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Satellite ozone profiles checked using ground-based laser radars
Laser radar observations from 13 widely distributed sites confirm the high data quality of GOMOS, the first operational satellite instrument that measures ozone profiles using stellar occultations.
28 June 2006, SPIE Newsroom. DOI: 10.1117/2.1200605.0263
Public concerns about human impacts on Earth's atmosphere have been growing because of ozone layer decline, climate change, and air pollution increase. Beginning in the late 1980s, clear evidence of this impact led to the Montreal protocol for protecting the ozone layer. The further monitoring of human impacts and the effectiveness of this agreement and its amendments critically relies on the availability of key atmospheric state parameters.
Ozone is a key atmospheric trace gas species. Although its presence at high altitudes provides protection against harmful ultraviolet radiation, too much ozone in the boundary layer—better known as ‘smog’—poses a threat to human health. Therefore, it is important to observe its vertical distribution on a global scale. From the ground, the ozone layer can be monitored very accurately with a high vertical resolution using balloon sondes and laser radars. However, extending these high-quality data to a global scale requires space-borne instruments.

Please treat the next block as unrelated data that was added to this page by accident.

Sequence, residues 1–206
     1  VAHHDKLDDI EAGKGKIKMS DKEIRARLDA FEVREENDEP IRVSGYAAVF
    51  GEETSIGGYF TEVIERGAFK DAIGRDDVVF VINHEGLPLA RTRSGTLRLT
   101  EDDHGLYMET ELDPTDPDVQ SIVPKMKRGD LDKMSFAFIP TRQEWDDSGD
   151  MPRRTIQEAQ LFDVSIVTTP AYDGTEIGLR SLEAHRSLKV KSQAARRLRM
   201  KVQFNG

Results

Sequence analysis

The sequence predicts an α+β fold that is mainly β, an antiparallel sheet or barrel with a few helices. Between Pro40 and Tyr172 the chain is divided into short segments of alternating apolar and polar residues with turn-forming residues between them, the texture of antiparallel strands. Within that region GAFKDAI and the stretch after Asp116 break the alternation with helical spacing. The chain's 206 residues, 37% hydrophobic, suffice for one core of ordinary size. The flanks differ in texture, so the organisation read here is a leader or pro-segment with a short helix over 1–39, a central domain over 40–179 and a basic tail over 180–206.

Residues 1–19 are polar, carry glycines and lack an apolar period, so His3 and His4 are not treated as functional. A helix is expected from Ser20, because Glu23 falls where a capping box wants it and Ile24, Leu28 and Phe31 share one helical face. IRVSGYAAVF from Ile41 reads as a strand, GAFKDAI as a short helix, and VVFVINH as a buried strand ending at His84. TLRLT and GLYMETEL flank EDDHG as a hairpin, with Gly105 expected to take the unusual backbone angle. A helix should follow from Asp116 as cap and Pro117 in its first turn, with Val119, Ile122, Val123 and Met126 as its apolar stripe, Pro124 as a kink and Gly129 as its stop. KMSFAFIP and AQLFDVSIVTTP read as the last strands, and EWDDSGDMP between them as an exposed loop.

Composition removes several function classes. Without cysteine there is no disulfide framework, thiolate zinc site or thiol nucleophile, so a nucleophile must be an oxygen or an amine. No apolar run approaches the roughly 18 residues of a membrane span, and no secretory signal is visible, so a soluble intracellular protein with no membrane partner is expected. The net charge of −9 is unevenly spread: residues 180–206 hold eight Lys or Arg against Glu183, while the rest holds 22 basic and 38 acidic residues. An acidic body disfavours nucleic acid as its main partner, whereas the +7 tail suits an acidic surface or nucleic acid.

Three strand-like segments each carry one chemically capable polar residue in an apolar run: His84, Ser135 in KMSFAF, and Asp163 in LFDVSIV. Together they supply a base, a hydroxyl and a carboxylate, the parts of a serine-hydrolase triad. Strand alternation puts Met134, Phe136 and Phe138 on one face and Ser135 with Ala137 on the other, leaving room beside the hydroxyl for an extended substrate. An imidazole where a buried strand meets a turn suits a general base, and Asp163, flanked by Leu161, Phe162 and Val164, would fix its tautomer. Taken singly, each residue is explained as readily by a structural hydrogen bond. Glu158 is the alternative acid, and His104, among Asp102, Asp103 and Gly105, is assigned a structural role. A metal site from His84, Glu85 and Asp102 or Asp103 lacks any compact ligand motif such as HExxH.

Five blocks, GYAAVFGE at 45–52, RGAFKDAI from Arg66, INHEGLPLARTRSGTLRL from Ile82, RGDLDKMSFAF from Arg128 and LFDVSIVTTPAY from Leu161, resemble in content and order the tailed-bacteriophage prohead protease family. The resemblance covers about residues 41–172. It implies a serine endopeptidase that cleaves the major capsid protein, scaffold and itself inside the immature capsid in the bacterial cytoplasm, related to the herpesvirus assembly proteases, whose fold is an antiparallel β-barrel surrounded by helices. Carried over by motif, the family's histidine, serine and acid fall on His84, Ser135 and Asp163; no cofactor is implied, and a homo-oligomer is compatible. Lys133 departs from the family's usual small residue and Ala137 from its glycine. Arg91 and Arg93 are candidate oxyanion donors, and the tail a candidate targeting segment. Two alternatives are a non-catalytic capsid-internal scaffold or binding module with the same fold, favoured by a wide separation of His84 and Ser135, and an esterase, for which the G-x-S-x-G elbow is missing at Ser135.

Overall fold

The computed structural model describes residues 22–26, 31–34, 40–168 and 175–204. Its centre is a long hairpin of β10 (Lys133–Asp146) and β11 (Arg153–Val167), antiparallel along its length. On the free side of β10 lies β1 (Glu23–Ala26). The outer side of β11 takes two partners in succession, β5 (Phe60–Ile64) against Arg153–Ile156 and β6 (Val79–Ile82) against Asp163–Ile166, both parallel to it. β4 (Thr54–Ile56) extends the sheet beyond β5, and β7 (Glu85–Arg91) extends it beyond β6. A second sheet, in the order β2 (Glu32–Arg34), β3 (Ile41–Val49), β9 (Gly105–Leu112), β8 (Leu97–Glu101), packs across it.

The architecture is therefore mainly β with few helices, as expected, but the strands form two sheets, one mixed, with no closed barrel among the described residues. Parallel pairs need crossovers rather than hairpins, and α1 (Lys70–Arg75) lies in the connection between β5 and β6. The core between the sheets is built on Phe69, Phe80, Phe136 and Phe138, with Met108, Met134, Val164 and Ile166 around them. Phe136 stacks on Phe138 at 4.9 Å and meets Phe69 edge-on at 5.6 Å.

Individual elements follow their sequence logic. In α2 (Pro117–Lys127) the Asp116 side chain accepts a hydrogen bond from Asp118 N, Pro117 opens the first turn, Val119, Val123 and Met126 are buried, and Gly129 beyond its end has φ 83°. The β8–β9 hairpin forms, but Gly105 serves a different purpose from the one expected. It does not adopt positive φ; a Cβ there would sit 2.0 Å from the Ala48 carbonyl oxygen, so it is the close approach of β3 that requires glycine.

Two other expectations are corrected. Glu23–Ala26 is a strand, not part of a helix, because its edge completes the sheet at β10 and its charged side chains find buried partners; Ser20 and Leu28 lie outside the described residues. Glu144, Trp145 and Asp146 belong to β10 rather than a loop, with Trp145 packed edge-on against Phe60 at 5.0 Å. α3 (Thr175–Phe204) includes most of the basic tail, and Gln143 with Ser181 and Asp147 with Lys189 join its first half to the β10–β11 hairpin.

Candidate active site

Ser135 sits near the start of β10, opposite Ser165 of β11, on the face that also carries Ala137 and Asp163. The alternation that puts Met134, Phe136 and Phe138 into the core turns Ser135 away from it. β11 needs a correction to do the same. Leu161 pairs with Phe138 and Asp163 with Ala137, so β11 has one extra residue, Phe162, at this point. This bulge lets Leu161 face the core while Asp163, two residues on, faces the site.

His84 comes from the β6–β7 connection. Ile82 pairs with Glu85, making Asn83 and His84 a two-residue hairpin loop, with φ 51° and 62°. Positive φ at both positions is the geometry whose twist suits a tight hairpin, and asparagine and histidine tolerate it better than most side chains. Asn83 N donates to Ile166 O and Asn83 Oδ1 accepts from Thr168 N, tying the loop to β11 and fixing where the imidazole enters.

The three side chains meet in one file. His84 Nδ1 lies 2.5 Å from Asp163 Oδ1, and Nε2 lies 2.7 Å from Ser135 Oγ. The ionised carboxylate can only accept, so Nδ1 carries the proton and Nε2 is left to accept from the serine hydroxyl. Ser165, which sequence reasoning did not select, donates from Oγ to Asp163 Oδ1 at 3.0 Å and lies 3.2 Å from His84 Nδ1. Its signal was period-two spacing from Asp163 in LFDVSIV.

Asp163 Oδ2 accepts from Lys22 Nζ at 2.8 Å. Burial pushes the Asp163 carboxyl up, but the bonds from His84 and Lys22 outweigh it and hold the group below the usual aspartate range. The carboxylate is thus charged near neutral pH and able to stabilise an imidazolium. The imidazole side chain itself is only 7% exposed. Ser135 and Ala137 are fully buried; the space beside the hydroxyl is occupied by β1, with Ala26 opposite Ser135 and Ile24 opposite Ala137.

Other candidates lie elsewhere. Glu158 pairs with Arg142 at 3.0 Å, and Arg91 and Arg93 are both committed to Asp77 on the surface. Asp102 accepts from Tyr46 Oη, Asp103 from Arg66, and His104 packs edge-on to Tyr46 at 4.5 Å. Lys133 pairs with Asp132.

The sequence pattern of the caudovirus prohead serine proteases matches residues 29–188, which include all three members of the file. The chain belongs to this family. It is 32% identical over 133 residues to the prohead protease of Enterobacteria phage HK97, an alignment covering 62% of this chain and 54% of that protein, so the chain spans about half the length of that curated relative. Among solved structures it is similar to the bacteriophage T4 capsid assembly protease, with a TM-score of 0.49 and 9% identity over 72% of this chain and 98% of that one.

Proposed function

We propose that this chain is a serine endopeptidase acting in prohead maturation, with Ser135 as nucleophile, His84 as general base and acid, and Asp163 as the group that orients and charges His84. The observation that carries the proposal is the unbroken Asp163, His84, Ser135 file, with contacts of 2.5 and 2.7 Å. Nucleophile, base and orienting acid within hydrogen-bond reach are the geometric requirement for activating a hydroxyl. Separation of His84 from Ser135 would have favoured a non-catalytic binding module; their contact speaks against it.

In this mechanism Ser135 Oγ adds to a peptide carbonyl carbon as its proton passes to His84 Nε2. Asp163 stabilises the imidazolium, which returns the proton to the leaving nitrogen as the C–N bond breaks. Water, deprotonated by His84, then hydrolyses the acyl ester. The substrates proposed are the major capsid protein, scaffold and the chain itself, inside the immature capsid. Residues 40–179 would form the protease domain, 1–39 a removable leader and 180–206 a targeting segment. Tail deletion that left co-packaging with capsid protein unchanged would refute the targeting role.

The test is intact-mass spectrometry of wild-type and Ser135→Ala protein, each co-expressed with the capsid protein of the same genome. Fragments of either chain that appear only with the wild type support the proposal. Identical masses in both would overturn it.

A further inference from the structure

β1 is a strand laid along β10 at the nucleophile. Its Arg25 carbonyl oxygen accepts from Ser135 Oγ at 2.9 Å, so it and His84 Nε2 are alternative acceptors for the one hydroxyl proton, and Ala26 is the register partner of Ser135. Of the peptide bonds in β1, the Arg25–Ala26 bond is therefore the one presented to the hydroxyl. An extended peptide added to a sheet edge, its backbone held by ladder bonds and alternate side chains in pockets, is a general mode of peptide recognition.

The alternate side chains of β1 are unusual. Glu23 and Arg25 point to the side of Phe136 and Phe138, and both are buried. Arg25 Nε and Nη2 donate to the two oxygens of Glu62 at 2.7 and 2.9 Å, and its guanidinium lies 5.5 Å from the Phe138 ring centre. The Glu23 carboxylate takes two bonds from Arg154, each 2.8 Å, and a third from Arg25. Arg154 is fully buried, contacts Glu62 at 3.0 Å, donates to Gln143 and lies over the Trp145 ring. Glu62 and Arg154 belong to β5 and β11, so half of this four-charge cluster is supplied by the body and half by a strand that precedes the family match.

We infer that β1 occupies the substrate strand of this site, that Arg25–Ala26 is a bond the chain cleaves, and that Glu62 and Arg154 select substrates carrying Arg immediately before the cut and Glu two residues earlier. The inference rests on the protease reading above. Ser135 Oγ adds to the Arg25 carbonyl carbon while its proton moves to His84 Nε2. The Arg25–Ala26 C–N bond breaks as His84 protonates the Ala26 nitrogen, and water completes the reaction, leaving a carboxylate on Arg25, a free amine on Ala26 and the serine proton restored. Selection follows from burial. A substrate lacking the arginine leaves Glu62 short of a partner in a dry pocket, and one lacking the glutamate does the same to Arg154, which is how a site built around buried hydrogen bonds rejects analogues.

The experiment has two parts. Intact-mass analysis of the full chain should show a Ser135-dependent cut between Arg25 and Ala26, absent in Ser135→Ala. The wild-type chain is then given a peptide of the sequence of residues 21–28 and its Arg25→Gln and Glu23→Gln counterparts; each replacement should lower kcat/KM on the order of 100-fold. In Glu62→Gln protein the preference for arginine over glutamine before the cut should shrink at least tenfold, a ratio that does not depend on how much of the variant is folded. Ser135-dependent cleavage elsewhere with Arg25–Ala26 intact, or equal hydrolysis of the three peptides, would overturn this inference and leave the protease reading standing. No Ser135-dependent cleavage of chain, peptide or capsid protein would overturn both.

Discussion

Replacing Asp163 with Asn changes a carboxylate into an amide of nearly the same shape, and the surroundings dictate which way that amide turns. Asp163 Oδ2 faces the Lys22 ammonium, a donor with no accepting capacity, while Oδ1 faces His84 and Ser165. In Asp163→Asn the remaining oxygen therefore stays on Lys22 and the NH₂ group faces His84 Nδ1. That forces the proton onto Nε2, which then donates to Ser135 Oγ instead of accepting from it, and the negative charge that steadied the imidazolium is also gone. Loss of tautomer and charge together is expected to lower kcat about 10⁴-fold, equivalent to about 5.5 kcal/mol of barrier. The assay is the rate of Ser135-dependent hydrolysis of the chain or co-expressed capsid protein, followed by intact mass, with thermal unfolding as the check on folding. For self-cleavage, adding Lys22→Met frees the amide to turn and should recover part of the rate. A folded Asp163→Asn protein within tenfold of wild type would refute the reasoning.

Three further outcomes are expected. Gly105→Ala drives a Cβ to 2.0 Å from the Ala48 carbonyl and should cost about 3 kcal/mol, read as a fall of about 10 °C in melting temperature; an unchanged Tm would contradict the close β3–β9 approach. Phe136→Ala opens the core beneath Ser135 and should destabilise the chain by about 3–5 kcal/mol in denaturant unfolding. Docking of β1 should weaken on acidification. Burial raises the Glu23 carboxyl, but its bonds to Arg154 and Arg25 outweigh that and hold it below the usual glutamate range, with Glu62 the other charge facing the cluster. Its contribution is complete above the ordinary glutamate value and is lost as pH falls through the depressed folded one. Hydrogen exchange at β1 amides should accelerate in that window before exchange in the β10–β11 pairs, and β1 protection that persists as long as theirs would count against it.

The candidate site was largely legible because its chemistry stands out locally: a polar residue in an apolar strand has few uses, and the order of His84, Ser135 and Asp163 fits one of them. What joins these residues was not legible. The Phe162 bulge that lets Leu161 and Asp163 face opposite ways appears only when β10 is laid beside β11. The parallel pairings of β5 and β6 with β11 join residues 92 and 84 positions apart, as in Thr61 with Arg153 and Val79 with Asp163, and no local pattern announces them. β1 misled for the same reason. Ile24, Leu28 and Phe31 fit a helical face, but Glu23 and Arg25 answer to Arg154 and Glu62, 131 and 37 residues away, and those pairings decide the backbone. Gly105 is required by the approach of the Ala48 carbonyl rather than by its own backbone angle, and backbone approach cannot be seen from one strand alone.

A wide variety of remote sensing techniques has been applied to measure ozone in the stratosphere (about 10–50km altitiude; see Figure 1). Solar and lunar occultation-viewing instruments, such as the Stratospheric Aerosol and Gas Experiment (SAGE)1 instrument, provide a high vertical resolution, but with limited global coverage. Nadir-viewing spectrometers, such as the Solar Backscatter Ultraviolet (SBUV)2 instrument provide data with much better global coverage, but with a much lower vertical resolution. Spectrometers viewing the scattered sunlight in the atmospheric limb, such as the SCanning Imaging Absorption SpectroMeter for Atmospheric CHartographY (SCIAMACHY)3 instrument, provide good coverage and resolution, but their observations are very sensitive to instrument calibration and pointing of the satellite platform.
Figure 1. Different viewing geometries are used for detecting ozone in the atmosphere from space.
The Global Ozone Monitoring by Occultation of Stars (GOMOS)4 instrument observes stars above and subsequently through the atmosphere, providing spectra with ozone absorption features. Specific advantages of the stellar occultation principle are its self-calibrating property, well-known pointing information, high vertical resolution, and good global coverage due to the multitude of available stars.
Since its launch in March 2002 aboard the European Space Agency's (ESA) polar-orbiting environmental satellite Envisat, GOMOS has measured over 350,000 occultations. Such an operational exploitation of the stellar occultation technique makes the GOMOS observations unique. The measurements have been subjected to thorough quality assessments to identify any dependencies on geophysical (e.g., latitude) and observational (e.g., star characteristics) parameters. This assessment is especially important since GOMOS continuously observes stars that have different visual magnitudes and (equivalent blackbody) temperatures.